So here I am, 40,000 feet up in Russian airspace, having these thoughts interrupted to listen in on the impressive verbal gymnastics executed by a couple of flight attendants. One of each must be from our country of departure and country of arrival; they speak about 5 languages a piece, and are steadying themselves using the overhead compartments as they imperturbably serve tin foil cafeteria meals during a bit of mild turbulence:
“William do you have any more butter?”
“Du buerre! Yea hold on.”
I’m envious of their polyglot status. Happily, I have found a pretty worthwhile interactive language-learning game on my built-in headrest backer video screen. So I try to educate myself with the basics in Korean. Depending on which YouTube tutorials I watched the night before, the Gs were pronounced either c’s or G’s, and ohs are ous, sometimes, and the vowels tumble clumsily from my dumb mouth. But I like languages, and I’ve got nothing but time to learn now, and I plod on, listening to the phrases and words in the mysterious Korean alphabet and transcribed in my accessible abcedary style. I chant “gamsahamnida” quietly to myself like a prayer, trying to make sure I can remember how to at least say thank you and be a polite, even if grossly ignorant, tourist. The helpful conversational phrases are very hard for me to remember, without my Latin roots to anchor the sounds to, and I decide to learn some words instead.
A little vocabulary video game comes on, and right off the bat, they’re teaching the important words: maek ju is beer! Kae is dog! Po keu is fork! (I remember this one because it sounds a bit like poke you, which is totally what you do to the so go gee (beef) when you ’bout to get your microwaved airplane eats on. I take an animated quiz and feel pretty good about learning some new words like a little kid, and I want to hug all of these worldly flight attendants. Then I realize I do know the word hello after all, because Arrested Development has corrupted me. Pro tip: annyeong is actually the informal way to say it, but one should really say annyeonghaseyo, which it turns out is a very beautiful greeting. Sort of like mahalo or asalaamaleikum, it’s got heart, because it literally means, “are you at peace?” The more you know.
(Sometimes the best seat mate is no seatmate?)
They’ve just stopped serving the pork japchae and noodles meals, which I definitely covered in that tiny packet of hot red chili sauce that came with the tray. Even considering how I’m 324% more likely to eat anything when I’m airborne and strapped in a tiny seat for some reason, it tastes quite good. I am ready for some land food though. It is strangely nocturnal once again in here now that the service lights are off and everyone’s got their blackout windows totally darkened, despite the fact that it’s the middle of the day in exactly all of the time zones we’re chasing the sun through. I quietly slip my sleepy Petunia out of her under-seat-stowed carrier and onto my lap. She was completely undetectable under the thin blanket provided by the airlines where she snoozed peacefully, and we kept each other sane and cozy for a couple of hours. I’ll be sure to pop her back in her carrier before Carol comes around again, the very sweet lead flight attendant who came over to talk to me before we took off. Originally, the airline’s phone rep told me Tunes would have to remain in her carrier under the seat for the entire flight, even though she’s an ESA and sits placidly on my lap on all domestic flights. But Carol came over and told me I could at least put the carrier on my lap if I wanted, as long as I didn’t open the zippers. “We had a pet escape just last week and it was total chaos.” I know I’m totally biased, but the only way I can conceive of Tunes causing chaos on a plane is if everyone gets up and comes and takes her picture and lines up in the aisles to tell me what an awesomely well-behaved dog she is (several people have come up to do this before we even boarded).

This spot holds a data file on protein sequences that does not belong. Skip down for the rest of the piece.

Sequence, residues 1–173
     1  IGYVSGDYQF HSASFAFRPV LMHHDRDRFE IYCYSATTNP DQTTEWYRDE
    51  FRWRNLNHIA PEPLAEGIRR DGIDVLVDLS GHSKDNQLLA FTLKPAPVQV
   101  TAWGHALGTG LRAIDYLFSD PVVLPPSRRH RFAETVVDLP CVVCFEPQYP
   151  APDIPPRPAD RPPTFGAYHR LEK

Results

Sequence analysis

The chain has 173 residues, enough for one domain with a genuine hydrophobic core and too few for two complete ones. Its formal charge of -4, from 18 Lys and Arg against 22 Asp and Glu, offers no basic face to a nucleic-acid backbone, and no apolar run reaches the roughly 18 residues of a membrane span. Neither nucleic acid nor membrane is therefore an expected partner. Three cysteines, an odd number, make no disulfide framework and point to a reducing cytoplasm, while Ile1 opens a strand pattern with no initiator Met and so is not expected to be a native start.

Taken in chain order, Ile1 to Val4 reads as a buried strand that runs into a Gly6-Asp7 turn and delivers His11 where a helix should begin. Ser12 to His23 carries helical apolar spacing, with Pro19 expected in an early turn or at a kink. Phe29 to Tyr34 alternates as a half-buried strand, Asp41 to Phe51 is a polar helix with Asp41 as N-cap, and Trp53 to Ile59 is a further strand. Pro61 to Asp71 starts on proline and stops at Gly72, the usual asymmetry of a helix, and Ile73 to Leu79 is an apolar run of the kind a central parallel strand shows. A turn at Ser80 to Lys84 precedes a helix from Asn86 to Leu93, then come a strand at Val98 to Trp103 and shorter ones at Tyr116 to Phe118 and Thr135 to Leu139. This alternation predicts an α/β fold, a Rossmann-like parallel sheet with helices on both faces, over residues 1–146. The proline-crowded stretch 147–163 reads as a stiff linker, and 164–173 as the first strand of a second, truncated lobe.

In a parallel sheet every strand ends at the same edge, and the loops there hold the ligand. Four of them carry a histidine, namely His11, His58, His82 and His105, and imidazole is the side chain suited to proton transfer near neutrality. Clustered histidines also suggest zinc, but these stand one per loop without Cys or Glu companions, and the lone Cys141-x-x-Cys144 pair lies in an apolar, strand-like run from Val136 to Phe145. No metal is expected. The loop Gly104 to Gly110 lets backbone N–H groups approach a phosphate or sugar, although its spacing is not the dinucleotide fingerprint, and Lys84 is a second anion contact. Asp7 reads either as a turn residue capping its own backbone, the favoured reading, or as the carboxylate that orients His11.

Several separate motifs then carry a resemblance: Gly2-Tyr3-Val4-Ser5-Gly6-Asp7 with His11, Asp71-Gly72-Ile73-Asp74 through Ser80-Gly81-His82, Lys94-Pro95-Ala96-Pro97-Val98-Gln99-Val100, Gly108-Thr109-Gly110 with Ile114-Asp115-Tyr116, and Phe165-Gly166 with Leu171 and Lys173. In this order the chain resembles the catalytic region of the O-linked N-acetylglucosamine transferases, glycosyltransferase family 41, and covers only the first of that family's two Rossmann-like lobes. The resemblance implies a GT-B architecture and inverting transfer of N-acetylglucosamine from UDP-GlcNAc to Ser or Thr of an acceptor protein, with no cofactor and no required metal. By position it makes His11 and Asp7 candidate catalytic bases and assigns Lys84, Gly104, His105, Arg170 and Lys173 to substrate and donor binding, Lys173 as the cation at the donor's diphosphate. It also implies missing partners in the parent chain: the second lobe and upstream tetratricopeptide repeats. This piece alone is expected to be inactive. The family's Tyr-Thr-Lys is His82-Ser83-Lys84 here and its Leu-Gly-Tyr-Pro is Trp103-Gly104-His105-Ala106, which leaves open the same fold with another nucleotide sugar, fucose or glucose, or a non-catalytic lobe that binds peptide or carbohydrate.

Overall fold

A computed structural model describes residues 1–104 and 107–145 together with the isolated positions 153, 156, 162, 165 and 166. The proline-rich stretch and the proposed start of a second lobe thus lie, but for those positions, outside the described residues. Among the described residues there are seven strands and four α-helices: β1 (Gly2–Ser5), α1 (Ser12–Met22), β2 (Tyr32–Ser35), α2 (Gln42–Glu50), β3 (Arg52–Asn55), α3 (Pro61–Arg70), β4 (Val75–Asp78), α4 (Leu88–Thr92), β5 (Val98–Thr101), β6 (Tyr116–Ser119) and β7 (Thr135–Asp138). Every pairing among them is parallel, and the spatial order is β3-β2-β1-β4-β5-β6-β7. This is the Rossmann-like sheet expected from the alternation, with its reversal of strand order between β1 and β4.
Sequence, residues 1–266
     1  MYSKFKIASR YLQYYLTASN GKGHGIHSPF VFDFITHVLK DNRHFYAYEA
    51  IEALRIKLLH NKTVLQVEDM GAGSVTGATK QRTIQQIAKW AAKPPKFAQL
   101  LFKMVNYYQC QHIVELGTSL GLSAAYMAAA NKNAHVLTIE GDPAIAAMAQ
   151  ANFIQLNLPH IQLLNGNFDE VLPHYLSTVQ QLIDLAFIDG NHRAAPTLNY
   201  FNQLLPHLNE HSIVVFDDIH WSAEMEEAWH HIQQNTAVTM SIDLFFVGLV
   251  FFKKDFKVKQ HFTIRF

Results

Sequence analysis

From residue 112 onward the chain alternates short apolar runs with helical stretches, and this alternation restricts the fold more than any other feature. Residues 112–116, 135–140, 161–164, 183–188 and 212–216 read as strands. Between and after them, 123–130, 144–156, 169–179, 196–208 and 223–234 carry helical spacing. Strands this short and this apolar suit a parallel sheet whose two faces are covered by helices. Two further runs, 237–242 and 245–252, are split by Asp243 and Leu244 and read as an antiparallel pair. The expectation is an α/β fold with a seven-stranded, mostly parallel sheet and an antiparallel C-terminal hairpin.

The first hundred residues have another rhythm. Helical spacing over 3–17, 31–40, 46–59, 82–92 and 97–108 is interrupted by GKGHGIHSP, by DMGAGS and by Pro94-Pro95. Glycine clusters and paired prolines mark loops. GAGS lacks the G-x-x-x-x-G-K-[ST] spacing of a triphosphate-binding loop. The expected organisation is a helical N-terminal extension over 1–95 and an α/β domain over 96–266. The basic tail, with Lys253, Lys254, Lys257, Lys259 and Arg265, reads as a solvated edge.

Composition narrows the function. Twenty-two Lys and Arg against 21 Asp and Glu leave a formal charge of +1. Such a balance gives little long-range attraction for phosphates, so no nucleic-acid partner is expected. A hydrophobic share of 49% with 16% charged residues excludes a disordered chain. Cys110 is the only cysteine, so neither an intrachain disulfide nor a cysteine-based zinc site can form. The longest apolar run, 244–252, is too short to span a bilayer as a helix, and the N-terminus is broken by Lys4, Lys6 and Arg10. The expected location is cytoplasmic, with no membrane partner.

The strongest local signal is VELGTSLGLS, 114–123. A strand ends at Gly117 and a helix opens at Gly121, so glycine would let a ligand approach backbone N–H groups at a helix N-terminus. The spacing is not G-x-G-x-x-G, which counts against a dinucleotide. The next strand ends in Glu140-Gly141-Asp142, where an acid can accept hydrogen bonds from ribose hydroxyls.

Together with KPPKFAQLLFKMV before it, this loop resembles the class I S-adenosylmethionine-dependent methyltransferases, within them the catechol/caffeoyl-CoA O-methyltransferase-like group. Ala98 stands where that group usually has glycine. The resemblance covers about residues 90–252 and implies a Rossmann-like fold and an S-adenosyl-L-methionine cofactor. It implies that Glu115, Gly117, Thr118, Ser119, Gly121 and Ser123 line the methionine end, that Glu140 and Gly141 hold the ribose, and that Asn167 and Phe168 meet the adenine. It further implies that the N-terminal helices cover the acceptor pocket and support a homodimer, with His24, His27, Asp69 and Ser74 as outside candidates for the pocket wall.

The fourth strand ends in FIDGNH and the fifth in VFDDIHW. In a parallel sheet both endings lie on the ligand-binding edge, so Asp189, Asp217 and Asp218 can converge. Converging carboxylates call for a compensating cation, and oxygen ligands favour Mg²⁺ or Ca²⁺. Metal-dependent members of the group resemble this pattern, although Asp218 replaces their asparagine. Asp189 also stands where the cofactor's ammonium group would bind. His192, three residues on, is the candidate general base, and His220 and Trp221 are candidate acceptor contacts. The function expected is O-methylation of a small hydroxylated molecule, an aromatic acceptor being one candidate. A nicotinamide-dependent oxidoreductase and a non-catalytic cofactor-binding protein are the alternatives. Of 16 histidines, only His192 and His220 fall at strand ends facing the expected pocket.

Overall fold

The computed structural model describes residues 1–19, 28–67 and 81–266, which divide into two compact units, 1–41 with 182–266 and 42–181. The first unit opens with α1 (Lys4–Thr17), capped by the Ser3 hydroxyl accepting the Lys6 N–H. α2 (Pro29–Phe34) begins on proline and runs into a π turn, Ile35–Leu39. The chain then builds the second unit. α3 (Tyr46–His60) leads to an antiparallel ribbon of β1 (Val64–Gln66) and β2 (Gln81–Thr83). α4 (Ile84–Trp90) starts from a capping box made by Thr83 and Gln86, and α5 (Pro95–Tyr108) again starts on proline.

It has been a pleasantly untroubled trip so far, fourteen+ hours into our journey. Our peregrination began blisteringly early at 3:30 AM, although, considering I didn’t really sleep last night, I suppose it started at some point yesterday when I was still packing well past 10 PM. After all… It was the night before Cheusok, and all though the house… Well, kinda. (It’s still a few days away.)
About five hours into ths flight, I’d already seen a movie in which I actually disliked Kate Winslet’s performance (what was up with that inconsistent American-Polish accent in Jobs?), had listened to a bizarrely sanitized Kidz Bop cover of Drake’s Hotline Bling (“you used to call me on my cell phone/when you wanted to talk” ….uhhhh, okay), and ate half a bag of Golfisheses (blerg). I think it’s time to catch up on sleep and see if I can manage an upright nap now. We’ve got a long day (night? day? Yuhdi uhdi aeyo?/Where am I?) ahead of us.
Song of the day: The Beatles – Ticket to Ride